Wednesday, February 06, 2008

On Comments

I've noticed a phenomenon surprising to me on this blog: comments trickle in regularly on older posts. Whether that's from new readers discovering the blog and going back over old posts or regular readers who take a while to think about what they want to say, I thank you, and welcome your comments and questions always. (OK, I don't always have time to answer all the questions...) But it's interesting to me that the active lifetime of a post can be substantially more than a week.

More generally, I would like to figure out how to get more people commenting on the blog. I try to discuss issues here where there can be a variety of opinions and room for tangents, and I think the most interesting part of the blog is in the discussions. I'm genuinely surprised when I go to conferences and people tell me they read the blog, since in my mind the corresponding comment-level seems sparse.

So feel free to comment on what I can do to make the blog more comment-friendly.

9 comments:

Suresh said...

I have observed the same phenomena:

* comments on old posts
* comment frequency way out of proportion to apparent readership.

the Complexity blog gets excellent and numerous comments, although since a huge majority of the comments are anonymous, I can never tell whether it's a core group of people who like to argue, or a large crowd :).

D. Eppstein said...

My older posts would appear to have more comments if I didn't keep deleting the spam...

Anonymous said...

i think this blog is beginning to benefit grad students with lot of advice, and the way the system works - similar to lance's series on advice to grad students. i would like to see a grouping (via blogpost tags?) of such posts.

the way the system works is especially important to people who dont know how it works, but still need to.

Peter said...

Some blog posts have a long life - this is largely because they touch on topics that are not very time-sensitive. Some lead a short life, because they are all about something that is time sensitive, like acceptances to a particular conference. Interestingly, I think people are more willing to comment on the more ephemeral ones, because the implicit short shelf life means that the comments do not have to be as well thought out.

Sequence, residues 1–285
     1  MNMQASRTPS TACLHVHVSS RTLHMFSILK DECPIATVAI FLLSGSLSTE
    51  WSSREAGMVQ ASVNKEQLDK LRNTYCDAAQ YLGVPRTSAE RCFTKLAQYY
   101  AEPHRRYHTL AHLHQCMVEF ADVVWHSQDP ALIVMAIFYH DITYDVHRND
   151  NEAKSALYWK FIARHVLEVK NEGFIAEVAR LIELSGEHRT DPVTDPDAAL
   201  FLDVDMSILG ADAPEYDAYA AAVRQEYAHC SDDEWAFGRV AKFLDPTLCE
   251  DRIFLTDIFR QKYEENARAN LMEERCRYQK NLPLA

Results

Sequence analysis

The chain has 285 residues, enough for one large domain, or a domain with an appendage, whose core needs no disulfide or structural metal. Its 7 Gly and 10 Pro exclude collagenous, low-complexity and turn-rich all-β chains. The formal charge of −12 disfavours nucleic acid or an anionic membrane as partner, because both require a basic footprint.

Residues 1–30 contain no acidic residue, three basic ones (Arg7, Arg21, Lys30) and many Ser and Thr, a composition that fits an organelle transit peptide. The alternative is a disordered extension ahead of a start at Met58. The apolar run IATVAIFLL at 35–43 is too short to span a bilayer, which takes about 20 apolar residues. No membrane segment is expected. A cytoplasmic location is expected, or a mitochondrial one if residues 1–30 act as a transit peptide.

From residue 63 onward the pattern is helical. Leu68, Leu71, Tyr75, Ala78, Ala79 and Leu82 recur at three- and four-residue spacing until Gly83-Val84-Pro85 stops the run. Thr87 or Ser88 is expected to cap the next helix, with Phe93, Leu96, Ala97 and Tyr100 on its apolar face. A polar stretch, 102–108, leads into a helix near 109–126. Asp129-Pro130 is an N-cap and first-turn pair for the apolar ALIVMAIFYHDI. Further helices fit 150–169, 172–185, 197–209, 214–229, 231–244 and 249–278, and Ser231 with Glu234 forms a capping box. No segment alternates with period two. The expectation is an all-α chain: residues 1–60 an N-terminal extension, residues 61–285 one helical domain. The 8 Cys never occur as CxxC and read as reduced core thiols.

So, if you want more comments, make more posts that invite commenting (slightly more trivial stuff) to get people into the habit of commenting. Then, all posts should receive more comments. I wrote something about this on my own blog ( http://imprompt.us/2008/journal/ ) where I tried to classify different online journals into diaries, and news reports, best-of lists, and long-term content. I think long-term content is what is most likely to get the most comments (and the best comments) in the long run, but if you want lots of comments, then frequent short term items is the way to go.

Anonymous said...

Mike, I am one of your loyal readers. The best person from whom to get advice on comments, is ... Scott A., of course! He may soon need "scientific notation" (6.023 x 10^23 etc.) to enumerate all comments on his blog ..

aravind srinivasan

Isabel said...

The comments trickling in on older posts seems to have to do with the way that knowledge of various posts circulates around the web -- when people pass around links, it's "new to them". This at least explains the unpredictability.

I've openly wondered about this on my own blog, and my working theory is that something about "academic" blogging seems to discourage commenting -- people don't want to seem unknowledgeable -- so the posts that get the most comments are often the most frivolous ones.

But in terms of commenting, just keep in mind that very few readers comment on any blog. If this seems surprising, think of your own behavior. How many blog posts do you think you read per day/week? Now, how many comments do you write in that same period of time?

Anonymous said...

How to get more comments: introduce a controversial topic, where there will be multiple people who insist on having the last word. For instance, when we write down the set of all X that satisfy some predicate, should we use a colon, or a vertical bar to separate X from the predicate. Most reasonable people know that the vertical bar is simple evil, because it gets confused with modulus bars elsewhere in the expression. But the bar-users are sure to have a response when you make this point.

Anonymous said...

Be less nice. That'll do it.

Michael Mitzenmacher said...

I'm too nice???? Now that's something I've rarely been accused of... particularly on blogs. :)